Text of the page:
Investor Guide to Deforestation and Climate Change - This guide gives investors a framework to help them understand and engage on deforestation-driven climate risks across their portfolios. The guide will help investors  understand the drivers of deforestation risk and prioritize company engagements based on industries, geographies and sourcing patterns. The guide also outlines key expectations that investors should be looking for in corporate climate and deforestation commitments and example questions for company and sector engagements. The guide also provides concrete next steps investors can take to address deforestation risk.

The Investor Agenda - The Investor Agenda was developed for the global investor community to accelerate and scale up the actions that are critical to tackling climate change and achieving the goals of the Paris Agreement with the aim of keeping average global temperature rise to no more than 1.5 degrees Celsius. The Investor Agenda is a collaborative initiative that seeks to speed the transition to a net-zero emissions economy by 2050 or sooner. This includes elevating the profile of existing investor actions and initiatives on climate change and amplifying investor voices calling for government implementation of the Paris Agreement.


Companies in Action

The Responsible Labor Initiative works across sectors to ensure “the rights of workers vulnerable to forced labor in global supply chains are consistently respected and promoted.” Guiding principles to address forced labor in supply chains are well-established, but they lacked coordination across industries, creating weak spots for solution efforts. To overcome this challenge, The Responsible Labor Initiative advances the forced labor mitigation work of the Responsible Business Alliance by working with representatives from the electronics, construction, food and beverage and retail sectors. Strategies employed by the initiative include providing trainings on workers’ rights and ethical recruitment, conducting forced labor audits and maintaining a labor migration corridor database.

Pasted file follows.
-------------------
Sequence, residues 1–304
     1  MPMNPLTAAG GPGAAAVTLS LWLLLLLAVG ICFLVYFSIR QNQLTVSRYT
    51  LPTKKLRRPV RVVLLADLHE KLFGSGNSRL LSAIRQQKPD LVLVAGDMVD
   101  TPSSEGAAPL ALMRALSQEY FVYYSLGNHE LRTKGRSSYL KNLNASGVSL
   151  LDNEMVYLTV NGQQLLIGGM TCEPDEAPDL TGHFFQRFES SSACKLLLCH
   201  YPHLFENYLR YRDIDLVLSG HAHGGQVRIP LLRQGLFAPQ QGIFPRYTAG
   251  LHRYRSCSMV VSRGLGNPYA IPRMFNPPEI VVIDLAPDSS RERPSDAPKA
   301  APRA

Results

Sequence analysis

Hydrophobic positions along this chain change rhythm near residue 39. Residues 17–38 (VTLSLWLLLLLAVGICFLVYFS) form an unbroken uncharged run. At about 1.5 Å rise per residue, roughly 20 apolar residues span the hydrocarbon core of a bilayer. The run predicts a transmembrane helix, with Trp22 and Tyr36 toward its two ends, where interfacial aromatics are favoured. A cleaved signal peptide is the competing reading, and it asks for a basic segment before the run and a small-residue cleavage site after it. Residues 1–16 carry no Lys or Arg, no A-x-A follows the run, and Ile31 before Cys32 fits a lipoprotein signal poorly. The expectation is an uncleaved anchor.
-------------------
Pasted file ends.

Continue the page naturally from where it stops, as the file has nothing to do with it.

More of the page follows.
The Renewable Energy Buyers Alliance (REBA) works to create cost-effective pathways to renewable energy adoption for large-scale buyers. Recognizing the market barriers to large-scale renewable energy purchases, REBA was formed by a group of NGOs in 2017. Today the alliance is made up of 200 stakeholders from across sectors, including representatives from commercial companies, NGOs and energy and service providers. The alliance uses a number of strategies to achieve its goal of creating 60 gigawatts of new renewable energy by 2025, including educating members on the clean energy market, educating policymakers on regulatory changes needed for large renewable energy buyers and helping member companies educate their suppliers on the U.S. clean energy market to streamline production. 

Roadmap to Zero works to reduce the chemical footprint of the textile, apparel and footwear industries. To lead on sustainability, companies not only need to adopt carbon reduction strategies to mitigate the effects of climate change, they also need to adopt strategies to eliminate any harmful impacts their operations have on natural resources and water. The clothing industry is especially hard pressed to address this issue, given its reliance on cotton and dyes. Recognizing the harm chemicals used in clothing production were having on the natural environment, Roadmap to Zero was formed by six industry brands in 2011. The collaboration is made up of 160 stakeholders from across the industry, including consumer facing brands, chemical suppliers and manufacturers. To achieve its goals of phasing out the use of hazardous chemicals and making progress in achieving cleaner water and air, Roadmap to Zero collaborates with peer organizations, sets standards and provides the industry with guidance on implementation.